No guarantees, but if we don't report problems they won't get much of  a chance to be fixed! Details/discussions at link given just above.

 

"Some questions have no answers."[C Baird] "There comes a point where the spoon-feeding has to stop and the independent thinking has to start." [C Lawson] "There are always ways to disagree, without being disagreeable."[E Weddington] "Words represent concepts. Use the wrong words, communicate the wrong concept." [J Morin] "Persistence only goes so far if you set yourself up for failure." [Kartman]

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GCC (and related tools) source code comes "out of the box" with compatibility with most AVR microcontrollers. Additional support is available through a series of patches maintained by Jörg Wunsch in the FreeBSD ports system.

You simply have to "compile the compiler" with appropriate settings to expose the AVR compatibility. (Each "installation" of GCC will be able to generate code for one combination of target CPU and target OS -- be it Windows/x86, Linux/PowerPC, no-operating-system/AVR, etc.)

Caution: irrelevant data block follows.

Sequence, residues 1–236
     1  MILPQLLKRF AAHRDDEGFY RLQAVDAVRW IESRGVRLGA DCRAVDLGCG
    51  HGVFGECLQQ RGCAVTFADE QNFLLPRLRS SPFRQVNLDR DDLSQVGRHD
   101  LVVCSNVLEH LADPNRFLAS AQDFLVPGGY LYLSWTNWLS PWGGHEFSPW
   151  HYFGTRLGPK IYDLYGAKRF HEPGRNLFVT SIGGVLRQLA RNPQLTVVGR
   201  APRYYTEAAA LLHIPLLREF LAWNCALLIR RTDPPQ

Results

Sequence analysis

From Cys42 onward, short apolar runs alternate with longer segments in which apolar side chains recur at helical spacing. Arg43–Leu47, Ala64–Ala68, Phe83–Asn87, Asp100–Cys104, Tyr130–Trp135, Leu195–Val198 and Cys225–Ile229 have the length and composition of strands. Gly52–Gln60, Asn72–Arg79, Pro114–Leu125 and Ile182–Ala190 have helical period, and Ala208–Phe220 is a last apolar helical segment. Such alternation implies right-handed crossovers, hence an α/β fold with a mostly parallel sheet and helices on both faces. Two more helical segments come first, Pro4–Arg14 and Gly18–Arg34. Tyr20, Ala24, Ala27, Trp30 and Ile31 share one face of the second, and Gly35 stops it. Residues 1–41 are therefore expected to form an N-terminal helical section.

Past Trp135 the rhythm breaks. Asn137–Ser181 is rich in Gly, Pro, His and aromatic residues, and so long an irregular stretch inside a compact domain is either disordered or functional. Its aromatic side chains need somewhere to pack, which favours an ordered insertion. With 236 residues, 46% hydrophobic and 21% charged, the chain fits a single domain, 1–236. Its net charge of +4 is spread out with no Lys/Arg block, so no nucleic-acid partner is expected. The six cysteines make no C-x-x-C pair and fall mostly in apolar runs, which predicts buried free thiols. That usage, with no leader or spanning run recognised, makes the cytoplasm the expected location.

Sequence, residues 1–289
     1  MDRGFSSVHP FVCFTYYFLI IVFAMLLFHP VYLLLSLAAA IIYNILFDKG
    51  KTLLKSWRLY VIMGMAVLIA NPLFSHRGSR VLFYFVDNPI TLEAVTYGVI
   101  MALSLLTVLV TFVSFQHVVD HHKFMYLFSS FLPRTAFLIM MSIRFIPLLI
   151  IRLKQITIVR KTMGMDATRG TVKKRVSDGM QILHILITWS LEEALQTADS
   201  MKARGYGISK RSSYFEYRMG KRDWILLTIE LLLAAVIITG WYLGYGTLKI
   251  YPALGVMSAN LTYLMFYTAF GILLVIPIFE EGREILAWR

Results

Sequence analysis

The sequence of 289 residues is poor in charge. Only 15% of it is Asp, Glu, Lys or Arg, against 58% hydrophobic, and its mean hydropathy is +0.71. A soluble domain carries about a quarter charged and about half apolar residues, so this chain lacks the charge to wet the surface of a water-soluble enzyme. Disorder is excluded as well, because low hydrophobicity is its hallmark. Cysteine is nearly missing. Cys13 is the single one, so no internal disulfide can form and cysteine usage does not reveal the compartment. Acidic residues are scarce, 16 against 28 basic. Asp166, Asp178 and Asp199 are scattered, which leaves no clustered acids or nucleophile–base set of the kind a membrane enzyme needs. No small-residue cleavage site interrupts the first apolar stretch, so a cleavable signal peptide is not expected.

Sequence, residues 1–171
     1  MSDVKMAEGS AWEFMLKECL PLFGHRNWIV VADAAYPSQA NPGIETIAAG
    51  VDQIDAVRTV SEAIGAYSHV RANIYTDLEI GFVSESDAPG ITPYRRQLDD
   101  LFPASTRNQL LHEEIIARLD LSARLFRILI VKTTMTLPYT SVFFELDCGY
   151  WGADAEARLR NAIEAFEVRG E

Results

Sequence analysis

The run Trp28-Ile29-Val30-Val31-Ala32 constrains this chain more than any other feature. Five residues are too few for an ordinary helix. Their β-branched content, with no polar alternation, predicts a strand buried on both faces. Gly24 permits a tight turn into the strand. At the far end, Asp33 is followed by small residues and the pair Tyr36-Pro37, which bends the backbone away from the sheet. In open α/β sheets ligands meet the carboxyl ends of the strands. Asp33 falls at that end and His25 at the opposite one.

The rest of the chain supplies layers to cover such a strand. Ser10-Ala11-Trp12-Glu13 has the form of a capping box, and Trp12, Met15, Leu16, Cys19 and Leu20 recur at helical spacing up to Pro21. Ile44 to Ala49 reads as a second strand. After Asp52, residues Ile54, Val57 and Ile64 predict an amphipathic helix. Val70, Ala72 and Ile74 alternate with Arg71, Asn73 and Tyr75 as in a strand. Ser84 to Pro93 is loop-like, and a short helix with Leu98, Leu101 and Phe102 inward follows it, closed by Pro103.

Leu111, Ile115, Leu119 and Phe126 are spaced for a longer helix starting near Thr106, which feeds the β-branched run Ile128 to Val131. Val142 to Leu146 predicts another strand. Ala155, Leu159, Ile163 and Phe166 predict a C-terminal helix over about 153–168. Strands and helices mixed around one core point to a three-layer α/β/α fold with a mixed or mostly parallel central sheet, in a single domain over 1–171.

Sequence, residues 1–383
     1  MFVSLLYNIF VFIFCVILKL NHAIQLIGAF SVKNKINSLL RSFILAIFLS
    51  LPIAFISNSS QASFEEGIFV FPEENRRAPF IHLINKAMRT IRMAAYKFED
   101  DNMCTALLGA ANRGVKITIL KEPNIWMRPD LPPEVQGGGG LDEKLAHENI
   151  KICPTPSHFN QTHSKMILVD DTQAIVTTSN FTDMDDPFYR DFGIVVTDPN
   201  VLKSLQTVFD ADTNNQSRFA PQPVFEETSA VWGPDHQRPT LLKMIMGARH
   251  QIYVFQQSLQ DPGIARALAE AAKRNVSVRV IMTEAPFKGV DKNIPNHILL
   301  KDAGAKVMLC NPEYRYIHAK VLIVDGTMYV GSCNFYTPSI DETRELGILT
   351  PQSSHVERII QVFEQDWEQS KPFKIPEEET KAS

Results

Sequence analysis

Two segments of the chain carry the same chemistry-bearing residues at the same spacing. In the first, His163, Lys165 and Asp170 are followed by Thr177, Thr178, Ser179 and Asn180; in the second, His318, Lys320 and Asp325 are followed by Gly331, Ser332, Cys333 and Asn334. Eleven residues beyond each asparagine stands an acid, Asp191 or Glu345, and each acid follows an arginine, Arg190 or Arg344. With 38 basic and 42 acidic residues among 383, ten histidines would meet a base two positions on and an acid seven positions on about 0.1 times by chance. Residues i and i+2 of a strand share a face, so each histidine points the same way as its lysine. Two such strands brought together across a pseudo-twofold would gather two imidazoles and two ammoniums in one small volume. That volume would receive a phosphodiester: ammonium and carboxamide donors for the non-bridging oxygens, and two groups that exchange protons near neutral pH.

The real trick is finding a way to build a working compiler out of the GCC sources, especially if you're using Windows. It's relatively painless to build it for yourself if you have a Unix-like environment (such as Cygwin) installed on your Windows machine. But it still doesn't suit most peoples' fancy.

ATmanAVR (a commercial distribution of avr-gcc for Windows) has a version of their toolchain that uses gcc 4.1. In accordance with the applicable open-source licenses, they make the compiler and associated low-level tools available for download free of charge, and they can be extracted right over top of the WinAVR installation. (The commercial aspects of ATmanAVR are distributed as a separate IDE and code wizard.)